Flavoured e-cigs are nothing to fear

New FDA restrictions are driven by alarmism, not science.

Michael McGrady

Topics Politics USA

The global vaping sector faces a number of regulatory challenges that could drastically change the industry and have serious consequences for public health.

In the United States, outgoing Food and Drug Administration (FDA) commissioner Scott Gottlieb has proposed new restrictions on e-cigarettes and vaping. If these proposals become law, retailers across the country could be subject to aggressive restrictions. Some flavoured e-cigarette products will no longer be sold at all, while others will be sold ‘only in a manner that prevents youth access’.

Gottlieb’s proposals are aimed at tackling what he describes as an ‘epidemic-level rise in youth e-cigarette use’. It is true that the rates of minors vaping in the United States increased in 2018, but the trends are not as alarming as they may seem. Only about 5.8 per cent of all high-school-age youth in the US vape regularly. The majority of students who vape do so less than five times per month.

One of the main concerns over youth vaping is the availability of sweet flavours. FDA regulators and tobacco-control groups insist that these sweet e-juice flavours exist solely to market e-cigarettes to young people. But scientific evidence suggests these flavours are important for adult smokers.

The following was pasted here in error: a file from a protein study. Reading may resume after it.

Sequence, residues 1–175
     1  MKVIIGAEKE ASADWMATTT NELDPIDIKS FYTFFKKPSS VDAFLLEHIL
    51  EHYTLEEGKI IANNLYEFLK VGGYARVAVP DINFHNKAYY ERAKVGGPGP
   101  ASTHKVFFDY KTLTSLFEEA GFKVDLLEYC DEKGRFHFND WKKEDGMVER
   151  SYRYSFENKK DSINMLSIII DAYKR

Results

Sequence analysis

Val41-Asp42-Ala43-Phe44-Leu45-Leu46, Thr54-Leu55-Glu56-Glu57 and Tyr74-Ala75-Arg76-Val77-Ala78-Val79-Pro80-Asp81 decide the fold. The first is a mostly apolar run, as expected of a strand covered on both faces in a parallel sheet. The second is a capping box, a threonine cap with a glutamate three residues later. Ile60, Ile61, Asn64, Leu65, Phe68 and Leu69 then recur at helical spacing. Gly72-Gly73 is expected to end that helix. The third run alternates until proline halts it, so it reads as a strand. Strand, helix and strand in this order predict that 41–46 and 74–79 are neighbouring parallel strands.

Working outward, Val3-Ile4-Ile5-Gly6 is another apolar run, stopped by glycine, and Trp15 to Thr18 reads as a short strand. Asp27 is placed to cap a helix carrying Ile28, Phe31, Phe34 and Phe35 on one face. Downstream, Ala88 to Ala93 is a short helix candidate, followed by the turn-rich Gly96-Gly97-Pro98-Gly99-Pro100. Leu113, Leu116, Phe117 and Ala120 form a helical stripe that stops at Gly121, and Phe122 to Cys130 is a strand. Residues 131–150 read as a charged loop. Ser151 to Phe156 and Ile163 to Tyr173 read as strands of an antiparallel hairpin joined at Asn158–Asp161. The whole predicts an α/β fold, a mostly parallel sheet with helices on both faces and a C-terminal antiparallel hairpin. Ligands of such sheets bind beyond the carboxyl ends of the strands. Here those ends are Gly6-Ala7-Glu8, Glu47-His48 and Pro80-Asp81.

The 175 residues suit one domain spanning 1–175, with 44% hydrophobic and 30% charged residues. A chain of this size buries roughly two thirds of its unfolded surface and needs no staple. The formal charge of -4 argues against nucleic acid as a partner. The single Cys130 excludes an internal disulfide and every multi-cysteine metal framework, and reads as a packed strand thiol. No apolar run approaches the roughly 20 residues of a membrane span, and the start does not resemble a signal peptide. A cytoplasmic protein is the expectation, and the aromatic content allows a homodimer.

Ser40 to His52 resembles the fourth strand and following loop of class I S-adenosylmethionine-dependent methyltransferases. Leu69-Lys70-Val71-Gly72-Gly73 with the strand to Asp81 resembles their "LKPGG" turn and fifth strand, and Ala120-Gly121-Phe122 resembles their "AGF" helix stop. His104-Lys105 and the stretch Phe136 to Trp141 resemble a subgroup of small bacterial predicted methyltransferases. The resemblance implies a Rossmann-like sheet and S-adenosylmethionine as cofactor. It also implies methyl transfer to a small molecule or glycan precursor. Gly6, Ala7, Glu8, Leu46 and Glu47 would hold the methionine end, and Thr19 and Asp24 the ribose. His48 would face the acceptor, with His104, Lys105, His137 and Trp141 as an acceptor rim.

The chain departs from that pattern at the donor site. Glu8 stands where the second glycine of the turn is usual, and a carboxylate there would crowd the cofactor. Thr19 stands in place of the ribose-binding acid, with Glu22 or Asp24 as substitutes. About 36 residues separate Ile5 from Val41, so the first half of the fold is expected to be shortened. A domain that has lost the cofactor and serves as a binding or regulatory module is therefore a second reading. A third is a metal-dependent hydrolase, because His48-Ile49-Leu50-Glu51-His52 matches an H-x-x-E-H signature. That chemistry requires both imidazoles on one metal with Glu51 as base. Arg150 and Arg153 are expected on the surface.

A 2018 study, published in the Harm Reduction Journal, shows that flavours other than tobacco, mint and menthol (ie, the flavours typically associated with regular tobacco cigarettes) are vital for smokers making the switch to e-cigarettes. Out of a massive sample of over 20,000 frequent adult e-cigarette users, the researchers conclude that the reason smokers start using an e-cigarette or vape device is almost entirely due to its non-tobacco flavours. A 2013 study, published in the International Journal of Environmental Research and Public Health, similarly concluded that flavours are essential for smokers to switch to vaping and that regulations should not limit access to such products.

The retail restrictions proposed by the FDA will only allow the sale of tobacco-flavoured e-cigarette and vape products in mixed-retail establishments, including petrol stations, grocery shops and supermarkets. Consumers will only be able to purchase sweet-flavoured products from tobacconists, vape shops and other specialist retailers. This will severely limit access to low-risk vaping products.

Since the US is the world’s largest importer of vaping products, these regulations could have knock-on effects worldwide. If companies restrict their product offerings and flavours in response to a shrinking export market, this could negatively impact health outcomes outside the US, too.

Vaping has been scientifically proven to be safer than traditional cigarettes. But regulators still want to restrict access to these products on the back of a moral panic. Regulators like the FDA could end up damaging public health on a global scale.

Michael McGrady is an independent journalist and researcher covering tobacco harm reduction and public policy.

Picture by: Getty.

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